BRATISLAVA, Slovakia--(EON: Enhanced Online News)--AXON Neuroscience announced that the results of the first-in-man study of an active tau vaccine have been published in Lancet Neurology, a leading journal in the clinical neurology field. The results demonstrated an excellent safety and immunogenicity profile of AXON’s vaccine, AADvac1, which is intended to be the first disease-modifying tau treatment for Alzheimer’s disease.
“Safety and immunogenicity of the tau vaccine AADvac1 in patients with Alzheimer’s disease: a randomised, double-blind, placebo-controlled, phase 1 trial”
ENCOURAGING RESULTS OF THE AADVAC1 VACCINE
This first-in-man, first-in-class study was designed to assess safety and tolerability of the AADvac1 active vaccine in the treatment of patients with mild-to-moderate Alzheimer's disease. The study was conducted in Austria with Professor Reinhold Schmidt from the Medical University Graz as the coordinating investigator.
The vaccine displayed a very favourable safety profile. Targeting tau pathology via immunotherapy did not induce abnormal accumulation of fluid and inflammation in the brain commonly observed with anti-amyloid antibodies. The safety of AADvac1 is the first positive milestone in the treatment of Alzheimer’s disease, since many late phase trials have failed due to severe side effects in patients.
While immune senescence is a common hurdle in vaccine development for the elderly, treatment with AADvac1 was able to induce a robust immune response in 29 of 30 vaccinated patients. The article in Lancet Neurology further provides insight on measurements of the immune competence of patients, and discusses its role in the immune response against novel antigens in aging patients, providing valuable clues for the development of vaccines for the elderly.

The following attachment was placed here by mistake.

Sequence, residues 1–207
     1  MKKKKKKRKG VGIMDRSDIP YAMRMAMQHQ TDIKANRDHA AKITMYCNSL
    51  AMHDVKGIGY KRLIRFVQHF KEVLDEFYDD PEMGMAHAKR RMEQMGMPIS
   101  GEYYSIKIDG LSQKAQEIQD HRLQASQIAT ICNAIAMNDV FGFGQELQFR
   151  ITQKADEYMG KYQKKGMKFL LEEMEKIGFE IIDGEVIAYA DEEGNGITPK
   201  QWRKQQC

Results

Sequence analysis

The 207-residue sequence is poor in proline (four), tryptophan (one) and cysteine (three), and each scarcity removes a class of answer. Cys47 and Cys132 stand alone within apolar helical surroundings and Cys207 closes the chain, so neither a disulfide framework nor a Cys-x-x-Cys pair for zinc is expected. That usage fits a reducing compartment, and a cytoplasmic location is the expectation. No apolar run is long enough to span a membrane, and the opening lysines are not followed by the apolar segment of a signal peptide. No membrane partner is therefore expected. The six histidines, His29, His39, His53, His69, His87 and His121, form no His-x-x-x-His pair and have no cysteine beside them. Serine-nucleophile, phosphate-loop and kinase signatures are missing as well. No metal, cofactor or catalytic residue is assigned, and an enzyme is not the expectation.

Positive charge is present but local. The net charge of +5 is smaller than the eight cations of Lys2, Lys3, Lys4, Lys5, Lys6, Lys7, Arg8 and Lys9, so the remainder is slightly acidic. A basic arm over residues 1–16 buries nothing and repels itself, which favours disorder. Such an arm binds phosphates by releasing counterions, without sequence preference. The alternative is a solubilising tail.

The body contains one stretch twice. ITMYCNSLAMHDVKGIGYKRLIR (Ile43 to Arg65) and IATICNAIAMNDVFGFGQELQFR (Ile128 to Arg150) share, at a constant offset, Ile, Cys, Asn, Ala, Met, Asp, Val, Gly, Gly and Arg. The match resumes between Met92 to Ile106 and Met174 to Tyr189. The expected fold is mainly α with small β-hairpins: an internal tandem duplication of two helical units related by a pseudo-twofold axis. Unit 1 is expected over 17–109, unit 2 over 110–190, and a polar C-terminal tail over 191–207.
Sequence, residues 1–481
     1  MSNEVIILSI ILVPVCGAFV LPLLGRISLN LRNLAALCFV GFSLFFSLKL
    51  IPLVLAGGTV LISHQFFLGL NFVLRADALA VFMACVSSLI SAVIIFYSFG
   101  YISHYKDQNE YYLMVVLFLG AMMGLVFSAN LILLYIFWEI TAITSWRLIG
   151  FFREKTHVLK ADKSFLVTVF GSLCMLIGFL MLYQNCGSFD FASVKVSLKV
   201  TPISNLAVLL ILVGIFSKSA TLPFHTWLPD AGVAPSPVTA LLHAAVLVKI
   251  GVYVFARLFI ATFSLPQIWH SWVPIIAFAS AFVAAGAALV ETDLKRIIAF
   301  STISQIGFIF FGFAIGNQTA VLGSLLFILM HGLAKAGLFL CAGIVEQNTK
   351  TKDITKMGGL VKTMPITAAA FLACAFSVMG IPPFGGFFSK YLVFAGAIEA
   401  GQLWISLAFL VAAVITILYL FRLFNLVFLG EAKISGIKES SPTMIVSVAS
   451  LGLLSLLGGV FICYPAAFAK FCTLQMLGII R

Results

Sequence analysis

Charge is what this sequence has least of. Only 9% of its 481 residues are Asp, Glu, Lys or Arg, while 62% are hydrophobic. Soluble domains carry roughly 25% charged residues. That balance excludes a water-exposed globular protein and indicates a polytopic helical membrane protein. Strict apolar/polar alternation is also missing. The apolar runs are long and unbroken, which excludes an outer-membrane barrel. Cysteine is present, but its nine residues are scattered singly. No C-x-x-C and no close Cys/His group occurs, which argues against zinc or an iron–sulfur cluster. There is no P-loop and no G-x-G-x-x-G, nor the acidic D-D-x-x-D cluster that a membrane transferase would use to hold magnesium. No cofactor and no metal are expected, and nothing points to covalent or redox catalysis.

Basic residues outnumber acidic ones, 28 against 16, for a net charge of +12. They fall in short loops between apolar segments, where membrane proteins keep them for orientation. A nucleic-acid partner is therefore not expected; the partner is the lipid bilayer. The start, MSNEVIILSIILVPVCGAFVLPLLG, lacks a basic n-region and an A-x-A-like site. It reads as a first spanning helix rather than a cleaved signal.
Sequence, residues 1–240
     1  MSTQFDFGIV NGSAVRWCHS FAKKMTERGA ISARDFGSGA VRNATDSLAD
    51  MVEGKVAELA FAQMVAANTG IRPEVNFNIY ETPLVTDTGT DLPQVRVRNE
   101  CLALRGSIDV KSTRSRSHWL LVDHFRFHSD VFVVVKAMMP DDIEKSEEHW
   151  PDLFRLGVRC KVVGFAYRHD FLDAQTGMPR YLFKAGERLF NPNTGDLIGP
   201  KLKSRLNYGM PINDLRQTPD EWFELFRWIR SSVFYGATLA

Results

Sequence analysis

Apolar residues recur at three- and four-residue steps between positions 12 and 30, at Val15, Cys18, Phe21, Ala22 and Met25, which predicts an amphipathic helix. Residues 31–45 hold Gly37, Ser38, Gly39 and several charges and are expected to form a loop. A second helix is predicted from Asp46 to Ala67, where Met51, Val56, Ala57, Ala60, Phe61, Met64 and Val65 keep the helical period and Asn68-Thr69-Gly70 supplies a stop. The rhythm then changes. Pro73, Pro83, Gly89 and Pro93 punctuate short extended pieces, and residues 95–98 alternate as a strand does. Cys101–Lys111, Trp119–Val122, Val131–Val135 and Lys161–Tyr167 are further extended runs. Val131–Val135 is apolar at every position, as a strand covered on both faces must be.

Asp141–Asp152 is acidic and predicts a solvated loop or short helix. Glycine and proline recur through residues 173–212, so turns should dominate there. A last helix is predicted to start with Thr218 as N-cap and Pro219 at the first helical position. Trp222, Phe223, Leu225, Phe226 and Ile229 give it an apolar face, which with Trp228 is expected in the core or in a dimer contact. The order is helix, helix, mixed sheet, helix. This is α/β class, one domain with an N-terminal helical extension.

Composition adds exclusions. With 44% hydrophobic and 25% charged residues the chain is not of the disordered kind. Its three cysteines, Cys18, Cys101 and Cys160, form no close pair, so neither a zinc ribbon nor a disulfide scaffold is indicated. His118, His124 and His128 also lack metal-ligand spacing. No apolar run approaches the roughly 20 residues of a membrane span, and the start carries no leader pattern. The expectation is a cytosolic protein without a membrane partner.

The cognition of the patients remained stable on average for the whole duration of the Phase I study. Though the study was not designed to meaningfully address cognition, this is an encouraging sign, and the ongoing Phase II study of AADvac1 “ADAMANT” is expected to provide more insight into the cognitive efficacy of the vaccine in 2019.
Bengt Winblad, co-author and Chairman of the Clinical Advisory Board of AXON said: “This is the first active vaccine to harness the body’s ability to produce antibodies against pathological tau. Even though this study is only a phase 1 trial, its success so far gives the authors confidence that it may be the answer they are looking for to halt the progress of this devastating disease.”
AADVAC1 TAU VACCINE AGAINST ALZHEIMER’S DISEASE
Alzheimer’s disease is one of the most important health challenges facing aging populations worldwide. The development of the next generation of Alzheimer’s disease drugs is becoming essential to face up to this challenge. A key hallmark of the disease are neurofibrillary tangles, consisting of disease-modified protein tau. The quantity and distribution of disease-modified protein tau correlates with cognitive impairment and brain atrophy. AXON’s vaccine AADvac1 stimulates patients’ immune systems to generate specific antibodies against disease-modified protein tau, with the aim to stop the process of neurodegeneration.
AXON Neuroscience is a clinical-stage biotech company and a global leader in tau-immunotherapy. Researchers from AXON Neuroscience have worked extensively on the tau hypothesis for more than 25 years. AXON owns several proprietary compounds with disease-modifying as well as early diagnostic potential for Alzheimer’s disease and other tauopathies. The two lead compounds are the active vaccine AADvac1 and the fully humanised monoclonal antibody AADvac2.
Novak P et al., “Safety and immunogenicity of the tau vaccine AADvac1 in patients with Alzheimer’s disease: a randomised, double-blind, placebo-controlled, phase 1 trial” Lancet Neurology. 2016; http://www.thelancet.com/journals/laneur/article/PIIS1474-4422(16)30331-3/fulltext